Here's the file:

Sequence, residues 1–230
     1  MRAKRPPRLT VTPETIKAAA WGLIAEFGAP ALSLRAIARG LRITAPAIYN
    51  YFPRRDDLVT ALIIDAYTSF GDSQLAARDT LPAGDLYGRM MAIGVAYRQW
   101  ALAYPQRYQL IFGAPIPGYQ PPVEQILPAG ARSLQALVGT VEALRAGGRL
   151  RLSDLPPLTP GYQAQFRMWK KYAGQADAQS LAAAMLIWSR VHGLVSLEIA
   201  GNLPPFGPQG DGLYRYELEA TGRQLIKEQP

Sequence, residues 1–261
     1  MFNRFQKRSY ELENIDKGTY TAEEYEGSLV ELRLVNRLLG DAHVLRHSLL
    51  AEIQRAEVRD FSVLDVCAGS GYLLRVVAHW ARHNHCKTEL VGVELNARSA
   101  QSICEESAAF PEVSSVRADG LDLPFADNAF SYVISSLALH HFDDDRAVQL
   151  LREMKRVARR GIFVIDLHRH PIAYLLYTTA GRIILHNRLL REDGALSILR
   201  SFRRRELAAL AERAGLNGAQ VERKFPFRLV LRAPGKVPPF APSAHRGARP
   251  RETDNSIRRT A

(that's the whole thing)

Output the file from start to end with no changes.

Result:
Sequence, residues 1–230
     1  MRAKRPPRLT VTPETIKAAA WGLIAEFGAP ALSLRAIARG LRITAPAIYN
    51  YFPRRDDLVT ALIIDAYTSF GDSQLAARDT LPAGDLYGRM MAIGVAYRQW
   101  ALAYPQRYQL IFGAPIPGYQ PPVEQILPAG ARSLQALVGT VEALRAGGRL
   151  RLSDLPPLTP GYQAQFRMWK KYAGQADAQS LAAAMLIWSR VHGLVSLEIA
   201  GNLPPFGPQG DGLYRYELEA TGRQLIKEQP

Sequence, residues 1–261
     1  MFNRFQKRSY ELENIDKGTY TAEEYEGSLV ELRLVNRLLG DAHVLRHSLL
    51  AEIQRAEVRD FSVLDVCAGS GYLLRVVAHW ARHNHCKTEL VGVELNARSA
   101  QSICEESAAF PEVSSVRADG LDLPFADNAF SYVISSLALH HFDDDRAVQL
   151  LREMKRVARR GIFVIDLHRH PIAYLLYTTA GRIILHNRLL REDGALSILR
   201  SFRRRELAAL AERAGLNGAQ VERKFPFRLV LRAPGKVPPF APSAHRGARP
   251  RETDNSIRRT A